Next week, I’ll be presenting at DrupalCon Nashville. I’d be thrilled to see you at my session. Read on for a taste of what I’ll be sharing.
Edited to add: The video is up and available now!
- Day: Thursday, 12 April 2018
- Time: 10:45-11:45
- Room: 204 | Mediacurrent
- Session Track: Project Management
- Experience level: Intermediate
The purpose of estimation in software (and other!) projects is to manage risks and expectations at the outset, with the aim of delivering the project on time and within budget. CMS solutions like WordPress, Drupal, TYPO3 CMS, etc. are great starting points for estimation in that they offer feature sets and well-understood extensibility models. But one or two discrepancies can kill a budget estimate; small changes and customizations can end up costing more than the major functionality. Getting the estimation right seems an impossible task. The problem is, we have to acknowledge that early stage estimates are inherently inaccurate and yet essential for giving stakeholders a ballpark cost and timeline to work from. Who is eating those costs?
Seth Brown, COO of Lullabot, wrote a guide, the Art of Estimation, which describes how you break down a larger project into small estimable pieces and map these into an estimation, piece by piece. Lullabot shares their base spreadsheet as a way to work through breaking down a project into smaller chunks you can estimate on. Seth approaches it like a “detective doing a murder investigation” seeking to identify the requirements from the stakeholders as if they are witnesses. I’ve often said that my goal during the discovery process is to interrogate, taking nothing for granted and attempting to pull out hidden details that could otherwise resurface and cause trouble later.
This approach assumes all the requirements can be known at the outset. As time moves on, new information comes to light, understanding of the project deepens, and new ideas are generated through mutual collaboration. And lo, the dreaded “scope creep” strikes and typically results in an expansion of the timeline and budget. Unfortunately, if your estimations were based on the initial requirements and assumptions, you run the risk of going over budget or not meeting expectations.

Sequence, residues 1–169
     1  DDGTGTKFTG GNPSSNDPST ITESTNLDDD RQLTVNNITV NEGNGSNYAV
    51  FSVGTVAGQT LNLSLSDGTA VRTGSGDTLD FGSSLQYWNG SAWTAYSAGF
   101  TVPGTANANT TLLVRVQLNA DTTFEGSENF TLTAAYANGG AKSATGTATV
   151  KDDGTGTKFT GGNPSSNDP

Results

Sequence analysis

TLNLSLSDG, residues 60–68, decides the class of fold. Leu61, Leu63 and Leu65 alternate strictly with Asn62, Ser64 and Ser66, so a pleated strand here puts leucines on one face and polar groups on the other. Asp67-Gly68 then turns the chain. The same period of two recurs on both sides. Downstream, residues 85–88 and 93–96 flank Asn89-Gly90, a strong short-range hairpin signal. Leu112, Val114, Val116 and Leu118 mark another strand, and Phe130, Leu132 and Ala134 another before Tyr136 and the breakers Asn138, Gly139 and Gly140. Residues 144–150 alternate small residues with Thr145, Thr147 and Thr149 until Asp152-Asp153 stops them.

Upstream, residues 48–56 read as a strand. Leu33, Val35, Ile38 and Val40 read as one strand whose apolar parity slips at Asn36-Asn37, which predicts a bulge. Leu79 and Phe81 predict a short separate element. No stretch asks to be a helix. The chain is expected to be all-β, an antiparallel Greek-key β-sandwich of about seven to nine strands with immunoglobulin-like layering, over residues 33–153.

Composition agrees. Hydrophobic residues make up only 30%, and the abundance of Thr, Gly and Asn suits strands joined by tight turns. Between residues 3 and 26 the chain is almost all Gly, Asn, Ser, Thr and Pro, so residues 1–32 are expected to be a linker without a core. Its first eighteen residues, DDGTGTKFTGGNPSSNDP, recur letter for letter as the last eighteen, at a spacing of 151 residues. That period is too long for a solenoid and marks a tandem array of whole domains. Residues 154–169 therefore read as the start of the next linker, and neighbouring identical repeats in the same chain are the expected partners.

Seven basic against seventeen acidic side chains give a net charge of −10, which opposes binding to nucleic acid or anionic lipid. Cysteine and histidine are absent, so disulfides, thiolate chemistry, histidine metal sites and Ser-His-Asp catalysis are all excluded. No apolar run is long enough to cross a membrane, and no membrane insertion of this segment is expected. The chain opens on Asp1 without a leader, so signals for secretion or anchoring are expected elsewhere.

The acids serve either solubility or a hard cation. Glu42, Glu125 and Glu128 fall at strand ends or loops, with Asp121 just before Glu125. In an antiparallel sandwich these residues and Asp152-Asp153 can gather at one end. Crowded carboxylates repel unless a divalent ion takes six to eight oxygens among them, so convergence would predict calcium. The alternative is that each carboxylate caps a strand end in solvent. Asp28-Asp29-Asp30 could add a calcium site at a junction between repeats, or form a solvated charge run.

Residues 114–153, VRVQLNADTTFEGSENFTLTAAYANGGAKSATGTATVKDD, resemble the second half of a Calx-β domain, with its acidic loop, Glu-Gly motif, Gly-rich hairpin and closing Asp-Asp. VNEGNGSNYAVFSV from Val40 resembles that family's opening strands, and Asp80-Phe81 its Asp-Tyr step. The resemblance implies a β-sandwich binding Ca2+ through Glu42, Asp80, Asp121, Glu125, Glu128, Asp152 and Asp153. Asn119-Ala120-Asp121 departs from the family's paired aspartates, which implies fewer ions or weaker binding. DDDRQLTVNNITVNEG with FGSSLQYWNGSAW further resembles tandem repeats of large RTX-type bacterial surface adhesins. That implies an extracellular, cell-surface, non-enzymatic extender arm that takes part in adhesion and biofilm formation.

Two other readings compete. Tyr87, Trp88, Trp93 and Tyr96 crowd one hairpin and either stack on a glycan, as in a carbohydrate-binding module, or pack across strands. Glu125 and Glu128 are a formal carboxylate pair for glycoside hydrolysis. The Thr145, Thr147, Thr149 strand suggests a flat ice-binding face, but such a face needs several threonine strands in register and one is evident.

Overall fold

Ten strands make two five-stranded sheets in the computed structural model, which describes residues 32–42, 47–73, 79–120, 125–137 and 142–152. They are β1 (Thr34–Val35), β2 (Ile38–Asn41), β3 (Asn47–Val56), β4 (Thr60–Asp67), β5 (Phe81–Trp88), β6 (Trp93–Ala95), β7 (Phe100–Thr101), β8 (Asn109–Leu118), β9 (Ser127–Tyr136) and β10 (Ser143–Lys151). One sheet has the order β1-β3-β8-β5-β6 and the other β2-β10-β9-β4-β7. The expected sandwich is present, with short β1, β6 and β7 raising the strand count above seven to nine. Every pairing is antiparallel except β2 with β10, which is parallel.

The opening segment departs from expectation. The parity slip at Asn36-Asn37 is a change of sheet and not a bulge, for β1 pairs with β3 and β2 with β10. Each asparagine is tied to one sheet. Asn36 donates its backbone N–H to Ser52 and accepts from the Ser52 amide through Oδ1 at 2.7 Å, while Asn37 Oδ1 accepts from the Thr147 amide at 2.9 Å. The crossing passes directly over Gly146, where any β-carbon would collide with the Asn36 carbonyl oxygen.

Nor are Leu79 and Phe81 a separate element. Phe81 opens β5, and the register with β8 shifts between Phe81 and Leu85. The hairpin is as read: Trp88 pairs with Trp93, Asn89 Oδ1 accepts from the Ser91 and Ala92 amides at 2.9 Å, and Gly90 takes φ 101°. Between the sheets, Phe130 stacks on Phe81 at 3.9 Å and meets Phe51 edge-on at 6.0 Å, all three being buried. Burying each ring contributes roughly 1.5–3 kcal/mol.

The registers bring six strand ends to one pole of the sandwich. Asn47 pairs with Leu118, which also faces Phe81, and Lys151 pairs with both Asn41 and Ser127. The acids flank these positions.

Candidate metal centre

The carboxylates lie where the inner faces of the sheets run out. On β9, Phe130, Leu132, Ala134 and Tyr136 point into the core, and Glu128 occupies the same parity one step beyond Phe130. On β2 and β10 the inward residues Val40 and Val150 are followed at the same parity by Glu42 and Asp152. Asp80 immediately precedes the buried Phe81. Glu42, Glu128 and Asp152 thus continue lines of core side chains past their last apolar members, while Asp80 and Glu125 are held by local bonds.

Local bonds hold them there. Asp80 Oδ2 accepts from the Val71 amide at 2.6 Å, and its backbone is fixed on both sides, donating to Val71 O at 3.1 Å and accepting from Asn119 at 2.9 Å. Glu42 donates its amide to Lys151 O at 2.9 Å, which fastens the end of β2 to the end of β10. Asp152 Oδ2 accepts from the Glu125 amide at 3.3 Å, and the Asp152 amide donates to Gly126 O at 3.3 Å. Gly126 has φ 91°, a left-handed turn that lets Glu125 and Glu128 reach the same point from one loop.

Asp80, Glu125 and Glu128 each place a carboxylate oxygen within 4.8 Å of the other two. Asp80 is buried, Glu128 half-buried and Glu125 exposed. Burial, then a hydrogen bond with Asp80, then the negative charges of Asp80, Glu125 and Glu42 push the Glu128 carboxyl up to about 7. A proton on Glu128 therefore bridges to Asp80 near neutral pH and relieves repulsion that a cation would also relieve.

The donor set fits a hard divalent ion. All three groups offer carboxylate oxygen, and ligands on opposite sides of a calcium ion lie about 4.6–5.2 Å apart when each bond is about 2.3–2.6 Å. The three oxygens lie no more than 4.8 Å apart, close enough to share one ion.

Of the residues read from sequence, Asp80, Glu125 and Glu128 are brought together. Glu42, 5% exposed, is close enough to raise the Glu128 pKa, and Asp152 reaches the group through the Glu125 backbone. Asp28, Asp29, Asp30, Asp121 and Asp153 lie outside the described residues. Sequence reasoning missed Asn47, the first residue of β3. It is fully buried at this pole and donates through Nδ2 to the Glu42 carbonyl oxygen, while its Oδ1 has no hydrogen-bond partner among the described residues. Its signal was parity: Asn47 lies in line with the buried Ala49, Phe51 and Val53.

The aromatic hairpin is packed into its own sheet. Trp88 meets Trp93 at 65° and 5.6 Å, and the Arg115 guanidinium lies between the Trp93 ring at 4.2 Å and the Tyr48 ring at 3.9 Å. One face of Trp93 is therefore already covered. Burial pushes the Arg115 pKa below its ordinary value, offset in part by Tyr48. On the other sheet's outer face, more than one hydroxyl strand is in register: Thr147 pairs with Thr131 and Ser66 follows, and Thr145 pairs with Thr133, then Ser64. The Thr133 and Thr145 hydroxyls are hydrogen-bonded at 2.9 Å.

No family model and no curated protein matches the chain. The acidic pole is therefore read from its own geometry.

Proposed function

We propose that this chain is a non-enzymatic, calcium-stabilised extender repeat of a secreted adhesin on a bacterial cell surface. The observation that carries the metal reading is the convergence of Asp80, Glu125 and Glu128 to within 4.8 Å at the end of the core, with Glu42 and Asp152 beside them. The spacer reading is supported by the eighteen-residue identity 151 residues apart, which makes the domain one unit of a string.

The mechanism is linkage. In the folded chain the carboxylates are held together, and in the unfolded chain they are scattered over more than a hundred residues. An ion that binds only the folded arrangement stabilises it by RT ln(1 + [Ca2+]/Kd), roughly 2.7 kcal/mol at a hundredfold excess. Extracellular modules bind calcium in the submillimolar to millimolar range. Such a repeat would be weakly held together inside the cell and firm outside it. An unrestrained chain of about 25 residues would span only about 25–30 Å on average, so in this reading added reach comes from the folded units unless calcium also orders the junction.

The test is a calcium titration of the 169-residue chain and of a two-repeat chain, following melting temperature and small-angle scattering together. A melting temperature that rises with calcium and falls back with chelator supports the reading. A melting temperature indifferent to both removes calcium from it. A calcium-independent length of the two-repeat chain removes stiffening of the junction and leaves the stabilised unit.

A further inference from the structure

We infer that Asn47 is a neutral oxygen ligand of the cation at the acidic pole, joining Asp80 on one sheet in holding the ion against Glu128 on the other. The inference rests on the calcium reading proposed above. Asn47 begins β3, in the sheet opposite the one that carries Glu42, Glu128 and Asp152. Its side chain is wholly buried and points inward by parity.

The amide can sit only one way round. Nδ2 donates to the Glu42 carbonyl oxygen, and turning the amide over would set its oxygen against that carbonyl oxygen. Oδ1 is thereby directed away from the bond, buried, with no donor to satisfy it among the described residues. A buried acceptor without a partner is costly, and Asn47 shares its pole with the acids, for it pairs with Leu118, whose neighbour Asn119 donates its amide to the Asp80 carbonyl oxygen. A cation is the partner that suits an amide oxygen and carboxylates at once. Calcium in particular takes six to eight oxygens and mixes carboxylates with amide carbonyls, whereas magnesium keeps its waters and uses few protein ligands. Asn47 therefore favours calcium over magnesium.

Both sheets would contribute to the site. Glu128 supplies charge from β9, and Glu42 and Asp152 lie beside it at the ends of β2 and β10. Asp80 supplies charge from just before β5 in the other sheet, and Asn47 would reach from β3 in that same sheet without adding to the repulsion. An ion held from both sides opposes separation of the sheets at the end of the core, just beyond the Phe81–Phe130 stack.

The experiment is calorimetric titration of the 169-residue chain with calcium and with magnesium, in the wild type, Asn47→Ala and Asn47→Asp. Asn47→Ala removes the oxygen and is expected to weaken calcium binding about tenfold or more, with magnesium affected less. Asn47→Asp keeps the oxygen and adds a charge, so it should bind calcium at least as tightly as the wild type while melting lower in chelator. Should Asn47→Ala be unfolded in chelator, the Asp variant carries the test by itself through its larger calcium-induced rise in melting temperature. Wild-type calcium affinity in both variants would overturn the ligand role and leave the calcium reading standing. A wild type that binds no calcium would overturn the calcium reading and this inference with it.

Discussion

Steven C. McConnell, author of Software Estimation: Demystifying the Black Art describes the challenges of estimation. He cites research that even a good estimation approach would be within 25% of the actual results 75% of the time. The risks are high. McConnell says the problem is right at the outset. “Estimates created early in a project are inherently inaccurate.” Early stage estimates happen in “the cone of uncertainty” as he illustrates in this diagram.
Instead, McConnell recommends we should “Reestimate periodically throughout a project, and use what you learn during each activity to improve your estimate for the next activity.” As time moves on, you will know more about the project goals and needs, so turn this into a virtue. And it might mean increasing budgets or removing features to stay on budget or on time as you go.
In my DrupalCon presentation, I’ll show how you can start off with coarse estimations during the RFP and presales processes and improve estimates over time as you bring your project through discovery, design, development, and deployment.
I’ll show you how you can use this technique to manage risks and expectations, drawing on theory, other experts, and my personal experience managing web projects with budgets ranging from $2k to $2 million. I’ll demonstrate how all members of a team can collaborate on the estimation document and keep the client informed throughout the process.
See you next week at DrupalCon! Also check out where you can meet our DDEV Team in Nashville. Stop by the booth to say hi!